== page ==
“We sell the most expensive salmon to the most expensive restaurants in the US, for the highest price”

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The Honolulu Fish Company has long been a gourmet fresh fish supplier to the USA’s top chefs.

Getting fish back and forth to the most isolated population centre on Earth would be a challenge at the best of times. For Wayne Samiere, president and CEO of Honolulu Fish Company in Hawai, the coronavirus will force the industry to radically rethink distribution.

Marine biologist
Samiere, who runs the top seafood distributor has a distinct advantage that he’s not just a seafood guy, he’s a trained marine biologist. It’s with this in mind, that he’s been able to offer more than 30 varieties of eco-friendly Pacific water fish to over 3,000 customers across the USA since 1995.

PHOTO: Honolulu Fish Company

“Our core business is selling to restaurants across the country (US), every state, every city. We target the upscale restaurants, resorts, hotels, casinos,” Samiere told SalmonBusiness. This was until the second week in March when all the restaurants across the country closed.

Offset
Based on the capital and largest city of Hawaii, 2,000 miles away from the nearest continent, the CEO explained that business then dropped 95 per cent. But 50 per cent of its fish destined to restaurants was offset to customers such as grocery stores and restaurants started doing take out. “Online retail sales direct to consumers shot up 1000% in one week,” he said. The volcanic paradise is the most remote, yet the most visited archipelago in the world.

The company is the only direct distributor in the United States that offers more than 14 species of sashimi-grade fish. “Our core business is about 2000 high-end restaurants all over the country. USD 45 entree and up, white table cloth, upscale dining where fine ingredients are important,” he said.

Most expensive salmon
“We sell the most expensive salmon to the most expensive restaurants in the US for the highest price,” explained Samiere.

That fish is NZ King Salmon’s “wagyu beef” of the seafood world, Ora King salmon, which has won plaudits from chefs.

“We are one of the original distributors of this salmon for the US market,” he explained.

“In order to sell salmon to the US mainland market from Hawaii, we needed to promote something unique. Not only that but, New Zealand has direct flights to Hawaii so, the route is natural”.

Normally the sashimi-grade fish is FedExed overnight directly from the Island to five-star chefs such as Jean Georges, La Bernardin, Chanterelle and ESCA in New York, Tru in Chicago, the Phoenician Resort in Arizona, and the Ritz-Carlton Hotel.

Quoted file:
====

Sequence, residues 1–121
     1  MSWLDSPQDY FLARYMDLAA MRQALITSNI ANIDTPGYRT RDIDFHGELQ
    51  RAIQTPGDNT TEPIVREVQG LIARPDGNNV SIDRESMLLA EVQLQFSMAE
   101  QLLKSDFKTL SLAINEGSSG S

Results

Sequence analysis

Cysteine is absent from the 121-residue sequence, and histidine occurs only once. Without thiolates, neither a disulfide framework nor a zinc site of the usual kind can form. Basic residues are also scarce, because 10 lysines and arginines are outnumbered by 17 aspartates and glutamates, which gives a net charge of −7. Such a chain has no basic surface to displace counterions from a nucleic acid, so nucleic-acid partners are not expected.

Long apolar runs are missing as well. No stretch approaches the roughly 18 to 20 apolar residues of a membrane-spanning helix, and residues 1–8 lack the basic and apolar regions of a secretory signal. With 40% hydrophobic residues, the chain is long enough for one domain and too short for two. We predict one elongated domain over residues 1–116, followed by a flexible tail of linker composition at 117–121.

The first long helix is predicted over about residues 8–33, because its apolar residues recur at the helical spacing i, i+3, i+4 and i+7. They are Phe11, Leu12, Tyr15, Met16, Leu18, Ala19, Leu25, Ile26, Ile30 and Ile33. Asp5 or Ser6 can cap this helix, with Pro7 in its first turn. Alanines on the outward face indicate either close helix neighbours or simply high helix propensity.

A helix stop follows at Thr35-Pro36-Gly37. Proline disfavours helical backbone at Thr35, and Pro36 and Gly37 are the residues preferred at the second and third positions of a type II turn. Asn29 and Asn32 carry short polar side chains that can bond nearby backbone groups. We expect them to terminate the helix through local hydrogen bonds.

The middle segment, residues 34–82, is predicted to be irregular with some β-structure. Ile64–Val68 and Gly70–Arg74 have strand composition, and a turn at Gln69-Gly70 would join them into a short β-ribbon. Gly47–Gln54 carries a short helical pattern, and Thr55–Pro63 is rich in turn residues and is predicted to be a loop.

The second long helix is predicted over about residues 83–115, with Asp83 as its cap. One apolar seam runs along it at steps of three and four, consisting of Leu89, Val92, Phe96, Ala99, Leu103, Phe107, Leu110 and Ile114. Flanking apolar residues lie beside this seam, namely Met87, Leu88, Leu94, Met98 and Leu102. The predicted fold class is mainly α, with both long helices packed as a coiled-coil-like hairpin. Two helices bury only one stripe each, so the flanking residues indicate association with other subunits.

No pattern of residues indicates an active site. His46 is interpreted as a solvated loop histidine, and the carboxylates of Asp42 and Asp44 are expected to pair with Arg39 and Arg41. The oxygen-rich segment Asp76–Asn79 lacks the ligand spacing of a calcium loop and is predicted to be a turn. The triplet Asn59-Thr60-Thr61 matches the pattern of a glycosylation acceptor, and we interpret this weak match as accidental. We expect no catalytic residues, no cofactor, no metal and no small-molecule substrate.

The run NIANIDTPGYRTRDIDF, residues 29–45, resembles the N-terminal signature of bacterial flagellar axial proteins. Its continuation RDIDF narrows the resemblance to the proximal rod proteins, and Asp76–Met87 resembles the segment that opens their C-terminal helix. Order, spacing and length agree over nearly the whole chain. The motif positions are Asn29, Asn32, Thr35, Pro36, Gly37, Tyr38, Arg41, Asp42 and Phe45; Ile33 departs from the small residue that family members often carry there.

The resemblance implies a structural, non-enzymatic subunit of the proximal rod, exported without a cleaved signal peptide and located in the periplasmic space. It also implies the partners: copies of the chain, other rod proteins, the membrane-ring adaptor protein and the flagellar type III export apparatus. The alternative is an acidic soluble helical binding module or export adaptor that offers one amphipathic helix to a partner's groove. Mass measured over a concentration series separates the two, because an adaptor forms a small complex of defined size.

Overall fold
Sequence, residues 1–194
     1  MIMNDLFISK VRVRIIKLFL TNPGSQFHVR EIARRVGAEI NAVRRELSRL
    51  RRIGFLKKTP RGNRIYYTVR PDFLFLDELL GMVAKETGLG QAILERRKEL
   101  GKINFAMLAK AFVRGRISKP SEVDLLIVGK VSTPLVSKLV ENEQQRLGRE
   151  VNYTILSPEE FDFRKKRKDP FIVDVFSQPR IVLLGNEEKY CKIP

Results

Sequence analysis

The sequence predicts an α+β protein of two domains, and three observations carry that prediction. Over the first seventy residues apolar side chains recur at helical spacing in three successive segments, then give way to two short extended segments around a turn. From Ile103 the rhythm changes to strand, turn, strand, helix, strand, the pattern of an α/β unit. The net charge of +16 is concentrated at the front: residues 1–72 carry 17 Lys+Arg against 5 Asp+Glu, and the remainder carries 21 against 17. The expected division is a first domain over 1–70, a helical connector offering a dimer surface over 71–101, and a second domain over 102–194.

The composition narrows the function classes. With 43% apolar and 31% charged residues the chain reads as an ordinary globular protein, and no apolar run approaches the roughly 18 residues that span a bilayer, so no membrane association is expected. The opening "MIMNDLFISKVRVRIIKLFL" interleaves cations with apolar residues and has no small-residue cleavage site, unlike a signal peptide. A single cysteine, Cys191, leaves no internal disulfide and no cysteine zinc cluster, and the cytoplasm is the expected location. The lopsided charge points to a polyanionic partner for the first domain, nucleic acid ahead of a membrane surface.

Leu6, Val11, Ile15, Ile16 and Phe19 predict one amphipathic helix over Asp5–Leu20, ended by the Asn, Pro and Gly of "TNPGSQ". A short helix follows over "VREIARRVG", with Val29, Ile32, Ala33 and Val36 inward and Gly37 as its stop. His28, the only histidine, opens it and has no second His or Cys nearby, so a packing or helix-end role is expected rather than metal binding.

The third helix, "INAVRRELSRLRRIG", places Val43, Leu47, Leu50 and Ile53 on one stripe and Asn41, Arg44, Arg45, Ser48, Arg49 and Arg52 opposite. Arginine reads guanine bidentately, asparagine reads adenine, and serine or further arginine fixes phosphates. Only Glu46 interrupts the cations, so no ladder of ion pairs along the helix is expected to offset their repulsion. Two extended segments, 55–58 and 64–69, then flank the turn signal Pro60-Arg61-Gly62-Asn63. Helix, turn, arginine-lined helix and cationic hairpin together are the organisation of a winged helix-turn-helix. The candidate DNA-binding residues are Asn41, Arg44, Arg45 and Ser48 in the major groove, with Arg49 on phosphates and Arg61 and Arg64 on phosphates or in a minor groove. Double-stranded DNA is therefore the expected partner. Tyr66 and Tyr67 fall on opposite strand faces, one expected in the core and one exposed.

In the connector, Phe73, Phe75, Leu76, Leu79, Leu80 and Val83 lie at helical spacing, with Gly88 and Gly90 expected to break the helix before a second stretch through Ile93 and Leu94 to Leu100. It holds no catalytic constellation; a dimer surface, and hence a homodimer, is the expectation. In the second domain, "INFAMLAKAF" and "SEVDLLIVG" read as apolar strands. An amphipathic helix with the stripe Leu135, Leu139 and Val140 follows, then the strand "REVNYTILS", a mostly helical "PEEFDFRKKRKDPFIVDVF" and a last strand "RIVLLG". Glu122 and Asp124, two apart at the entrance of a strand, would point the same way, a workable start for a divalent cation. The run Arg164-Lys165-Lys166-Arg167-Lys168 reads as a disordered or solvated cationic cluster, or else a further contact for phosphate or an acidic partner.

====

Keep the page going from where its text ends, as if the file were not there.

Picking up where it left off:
However, recently New Zealand cut its flights to Hawaii as part of its plans to tighten border controls due to COVID-19. “We are getting the same fish in a roundabout way through Los Angeles,” he said.

Mid-century
Hawaii was the last state to admitted to the United States in 1959, which was also a time that the pink fish came onto its shores.

Boxes of fish fresh are auctioned then sent straight to kitchens acorss the USA. PHOTO: Honolulu Fish Company

“Locally and culturally, salmon came into popularity mid-century, a few decades ago but in canned and salted form”. Typical island usages include a popular dish called Lomi salmon, made with a relish of salted salmon, onions and tomatoes.

How has being a trained marine biologist affect your approach to work?

Samiere at a Honolulu Fish Auction. “I view products from a sense of the natural animal we are harvesting”. PHOTO: Honolulu Fish Company

“I view products from a sense of the natural animal we are harvesting, where it lives, why the fat content is that way, why the flesh is firm or soft how it’s hunted or raised then translate that to marketing that a consumer or chef can comprehend” he refected.  “To me, each fish species is vastly unique and should not be considered a commodity. The tendency in this industry is to lump all things in one basket”.

Strange kind of luxury
Samiere was philosophical in regards to the future of the gourmet fish industry post-pandemic. “Wild-caught fish will become a strange kind of luxury,” he said. “Farm-raised fish will become the staple accepted like cow and chicken. Distribution and marketing will all be forced to radically change. Consumers demand will be like what we are seeing now with our retail business. Consumers will want a personalised experience instead of a herd experience”.